So, the uproar continues over the recent remarks of Rowan Williams, Archbishop of Canterbury, about sharia and British law. (Note the extraordinary thing I just did: I linked to the remarks themselves, rather than newspaper summaries of them.) Ross has the smartest take on the whole thing I’ve yet seen: while rightly noting that Williams simply did not say what he has been accused of saying, he equally rightly goes on to note what a total hash Williams made of an extremely touchy set of issues: “Perhaps there will come a time when an Archbishop of Canterbury will have the luxury to muse at length on whether it might be appropriate for his nation to consider some sort of ‘plural jurisdiction’ where Muslim communities are concerned. But regardless of his good intentions, it seems to me the height of folly for this head of the Church of England, at this moment in the history of his nation and his faith, to wander in the gardens of intellectual theory while brushing away the actual controversies on the ground.”
And in the past few hours Williams has issued further clarifications, important ones (emphases mine): “The lecture was written as an opening contribution to a series on Islam and English Law mounted by the Temple Church and London University. As such, it posed the question to the legal establishment of whether attempts to accommodate aspects of Islamic law would create an area where the law of the land doesn’t run. This, I said, would certainly be the case if any practice under Islamic law had the effect of removing from any individual the rights they were entitled to enjoy as a citizen of the UK; and I concluded that nothing should be recognised which had that effect. We are not talking about parallel jurisdictions; and I tried to make clear that there could be no ‘blank cheques’ in this regard, in particular as regards some of the sensitive questions about the status and liberties of women. The law of the land still guarantees for all the basic components of human dignity.”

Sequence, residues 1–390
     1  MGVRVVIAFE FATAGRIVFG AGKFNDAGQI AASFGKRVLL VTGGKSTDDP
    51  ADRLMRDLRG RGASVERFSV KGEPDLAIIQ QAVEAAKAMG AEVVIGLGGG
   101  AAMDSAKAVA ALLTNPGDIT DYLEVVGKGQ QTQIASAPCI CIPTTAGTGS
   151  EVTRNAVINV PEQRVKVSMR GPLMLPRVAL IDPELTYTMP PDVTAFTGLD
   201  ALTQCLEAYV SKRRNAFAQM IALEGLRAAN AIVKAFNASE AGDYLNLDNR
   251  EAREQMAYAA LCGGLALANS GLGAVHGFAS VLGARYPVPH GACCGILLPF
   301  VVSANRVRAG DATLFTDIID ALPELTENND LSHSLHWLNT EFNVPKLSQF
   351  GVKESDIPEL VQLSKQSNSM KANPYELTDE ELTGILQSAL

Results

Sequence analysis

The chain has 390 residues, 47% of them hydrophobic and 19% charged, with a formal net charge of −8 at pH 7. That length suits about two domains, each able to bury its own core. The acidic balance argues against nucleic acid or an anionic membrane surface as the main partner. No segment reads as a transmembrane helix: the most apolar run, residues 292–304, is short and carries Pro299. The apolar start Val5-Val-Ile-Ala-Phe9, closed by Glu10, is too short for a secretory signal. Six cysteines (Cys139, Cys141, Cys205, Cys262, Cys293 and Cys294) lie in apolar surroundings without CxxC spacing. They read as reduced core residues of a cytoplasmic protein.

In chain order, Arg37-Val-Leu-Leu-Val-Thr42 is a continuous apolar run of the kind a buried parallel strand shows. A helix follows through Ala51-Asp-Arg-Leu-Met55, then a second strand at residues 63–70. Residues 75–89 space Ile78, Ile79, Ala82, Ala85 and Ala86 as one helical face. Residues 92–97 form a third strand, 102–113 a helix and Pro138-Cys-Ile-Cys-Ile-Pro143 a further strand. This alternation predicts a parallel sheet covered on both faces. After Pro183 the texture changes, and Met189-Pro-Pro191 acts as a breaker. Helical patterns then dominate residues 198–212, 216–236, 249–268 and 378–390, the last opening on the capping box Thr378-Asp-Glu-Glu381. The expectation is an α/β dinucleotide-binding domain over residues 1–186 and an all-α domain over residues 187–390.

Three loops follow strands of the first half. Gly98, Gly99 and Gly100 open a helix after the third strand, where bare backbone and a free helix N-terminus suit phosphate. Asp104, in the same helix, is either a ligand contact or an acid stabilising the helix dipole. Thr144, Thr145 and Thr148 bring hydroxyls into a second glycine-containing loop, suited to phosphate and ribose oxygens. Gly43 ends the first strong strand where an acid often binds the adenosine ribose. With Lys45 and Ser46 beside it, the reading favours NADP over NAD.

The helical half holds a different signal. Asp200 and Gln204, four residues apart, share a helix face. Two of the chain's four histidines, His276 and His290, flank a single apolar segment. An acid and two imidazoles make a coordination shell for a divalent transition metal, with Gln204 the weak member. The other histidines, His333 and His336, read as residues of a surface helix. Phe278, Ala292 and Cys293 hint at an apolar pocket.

But even here Williams is rhetorically maladroit: when he says (or rather implies) that there should be no “blank cheques” for people who want to use sharia to restrict the freedoms of Muslim women, does that mean that they could ultimately get what they want after dialogue and negotiation? And if not, then what does Williams mean? And when he says that there are “sensitive questions about the status and liberties of women,” does he mean to say that he’s willing to put the “status and liberties of women” on the table for discussion? He’s certainly not saying that those who want to curtail and liberties of women are wrong. This clarification helps, but doesn’t help much.
Meanwhile, the H. M. S. Hitchens now lurches into view and unleashes a series of volleys against the starboard side of the Archbishop. Of course he accuses Williams of saying things he didn’t say (“But now the archbishop of Canterbury, Rowan Williams, has cited the Beth Din as one of his reasons for believing that sharia, or Islamic law, can and should become a part of what he called ‘plural jurisdiction’ in Britain”), but to some degree Williams’s verbal academentia excuses that misconstrual. In any case, Hitch is just getting warmed up: by the end we hear Williams described as “this sheep-faced English cleric” who “throws away the work of centuries of civilization,” and as “a fatuous cleric who, presiding over an increasingly emaciated and schismatic and irrelevant church, nonetheless maintains that any faith is better than none at all.”
This all might be rather more effective if it were slightly more rooted in fact, but it’s fun all the same to see Hitch in full dudgeon. What was it that Balfour said about Churchill? “His guns are powerful, though not very mobile.”